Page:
Studying nonfiction could be the key to creating the best fiction

I have been reading classic after classic, and I’m beginning to think it has negative effects on my psyche. After finishing each one, I want to curl up into a ball and start crying. “Why?” you may ask. Well, it seems that many books on my reading list throw me into a world much better than our own. Therefore, when the story is over and I have to get back to real life, I feel like a kid on Christmas morning who just got all of his toys taken away.

Let me explain myself to those of you who may be wondering, “How on earth is Katniss-land better than modern America?” or “Would you rather live in Oceania and have Big Brother hovering over you?” My answers are, of course, "It’s not," and "No." I’m thankful I live in America in 2014 where we have wonderful gadgets like iWatches and whatnot. I enjoy not having to worry about my safety every second of every day. But I don’t really read too many new books these days; I can’t handle it. The books I’m referring to are the oldies, the classics — gems from the 1920s or 1950s.

Many books published today — the ones that become mega-popular anyway — I can’t wait to finish, to get back to my life. The worlds all feel the same. I no longer want to read about a bombed-out earth, and I don’t really care to skim through another dime-a-dozen mystery. It seems as though books that I’d love, ones that can almost teeter-totter on the edge of creative nonfiction, aren’t being published these days, or at least not being marketed to a large crowd.

Helping none of this is the fact that very few schools offer a nonfiction concentration for students pursuing a bachelor's in creative writing. I think writing about the real world, as we live in it today, is very difficult; many writers try to escape it. But then what books will be the classics from our generation? Which of them will be the commentaries on our lot? We need more writers trained in nonfiction; they would be better equipped to create “real,” intriguing fictional characters that resemble modern humanity.

I’m asked what my favorite book is about once a week, and I always cringe. It’s never any easy choice. I tend to bounce between “The Sun Also Rises” and “The Catcher in the Rye”; I think they are examples of the finest first person narratives ever written. When I’m asked for a more modern favorite, I jump directly to "The Perks of Being a Wallflower" — again, a wonderful narration; I’d never wondered what it would be like to read a novel made up solely of letters.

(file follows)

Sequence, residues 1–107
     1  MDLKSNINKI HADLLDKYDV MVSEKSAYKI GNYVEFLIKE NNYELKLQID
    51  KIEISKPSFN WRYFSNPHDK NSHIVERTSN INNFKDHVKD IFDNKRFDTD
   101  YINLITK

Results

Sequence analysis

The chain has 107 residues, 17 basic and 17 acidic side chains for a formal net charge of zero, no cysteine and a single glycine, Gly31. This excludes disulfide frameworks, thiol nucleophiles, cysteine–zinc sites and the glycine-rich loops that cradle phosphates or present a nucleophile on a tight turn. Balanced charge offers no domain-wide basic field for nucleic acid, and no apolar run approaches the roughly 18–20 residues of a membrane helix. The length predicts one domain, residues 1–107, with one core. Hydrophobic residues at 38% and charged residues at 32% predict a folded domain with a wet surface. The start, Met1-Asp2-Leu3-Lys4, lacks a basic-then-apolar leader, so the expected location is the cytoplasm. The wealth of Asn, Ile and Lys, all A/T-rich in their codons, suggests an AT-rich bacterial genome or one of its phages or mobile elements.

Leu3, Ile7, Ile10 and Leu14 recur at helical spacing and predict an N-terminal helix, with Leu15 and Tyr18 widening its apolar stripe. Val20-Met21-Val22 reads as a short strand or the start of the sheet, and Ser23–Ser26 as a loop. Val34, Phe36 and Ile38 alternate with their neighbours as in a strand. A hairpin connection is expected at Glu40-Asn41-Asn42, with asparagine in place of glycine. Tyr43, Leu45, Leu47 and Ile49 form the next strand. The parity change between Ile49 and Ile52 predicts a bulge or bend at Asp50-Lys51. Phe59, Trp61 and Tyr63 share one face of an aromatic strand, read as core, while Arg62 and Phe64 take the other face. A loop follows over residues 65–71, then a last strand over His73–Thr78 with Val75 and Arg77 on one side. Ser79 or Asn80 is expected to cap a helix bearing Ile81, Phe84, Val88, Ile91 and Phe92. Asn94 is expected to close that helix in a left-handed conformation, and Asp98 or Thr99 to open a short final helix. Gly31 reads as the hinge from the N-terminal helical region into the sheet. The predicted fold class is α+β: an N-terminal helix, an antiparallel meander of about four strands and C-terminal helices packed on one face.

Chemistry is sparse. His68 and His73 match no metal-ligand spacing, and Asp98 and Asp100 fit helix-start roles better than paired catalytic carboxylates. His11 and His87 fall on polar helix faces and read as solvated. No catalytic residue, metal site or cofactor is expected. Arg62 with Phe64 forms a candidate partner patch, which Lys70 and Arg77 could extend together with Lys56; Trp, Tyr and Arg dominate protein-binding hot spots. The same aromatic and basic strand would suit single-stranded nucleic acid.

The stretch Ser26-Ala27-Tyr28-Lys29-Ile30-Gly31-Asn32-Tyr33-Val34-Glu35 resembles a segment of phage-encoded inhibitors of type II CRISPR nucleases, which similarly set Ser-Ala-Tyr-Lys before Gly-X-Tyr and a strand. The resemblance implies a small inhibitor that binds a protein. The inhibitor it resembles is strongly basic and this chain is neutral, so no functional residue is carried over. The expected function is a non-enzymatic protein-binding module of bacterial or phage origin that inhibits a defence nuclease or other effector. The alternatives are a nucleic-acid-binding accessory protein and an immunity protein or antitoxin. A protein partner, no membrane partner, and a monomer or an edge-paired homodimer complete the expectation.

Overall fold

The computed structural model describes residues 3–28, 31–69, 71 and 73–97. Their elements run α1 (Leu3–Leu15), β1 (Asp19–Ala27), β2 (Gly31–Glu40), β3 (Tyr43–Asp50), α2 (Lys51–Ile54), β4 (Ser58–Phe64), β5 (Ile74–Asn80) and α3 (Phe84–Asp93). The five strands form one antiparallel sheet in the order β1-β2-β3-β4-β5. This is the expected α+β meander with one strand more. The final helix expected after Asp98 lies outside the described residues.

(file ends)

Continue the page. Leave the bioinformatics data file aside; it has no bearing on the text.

Yes, all of these stories are sad, so what makes their “world” better? A better writer.

Sure, authors can create fantastic, futuristic worlds for which we can lust, but how deeply can we really connect with the story? Sometimes, like with George R. R. Martin’s A Song of Ice and Fire novels for example, I feel as if I’m standing next to my favorite character, which is a wonderful feeling, but when I put the book down, I can’t go to Westeros; I can’t ride Daenerys’s dragons.

On the other hand, I can walk around New York like Holden Caulfield; I can go enjoy the Bullfights in Pamplona like Jake Barnes and his companions in “The Sun Also Rises.” This fact changes the way I read; the idea that I could one day experience the places written about in these books captivates me. But as I stated already, my experience wouldn’t be nearly as meaningful or interesting as that of my dear narrators. Cue my disappointment. But this type of disappointment is good! It means that someone has created a story that is better than reality in the eye of the reader — something that doesn’t happen very often.

Calling all colleges and universities: Give aspiring writers a chance to pursue a bachelor's in nonfiction; it could save literature. Writing about what is happening in front of our faces is difficult and often left to journalists. Let students learn how to write about reality, and they may also write some of the best fiction.

Reach the columnist at William.Ruof@asu.edu or follow him on Twitter @willruof

Editor’s note: The opinions presented in this column are the author’s and do not imply any endorsement from The State Press or its editors.

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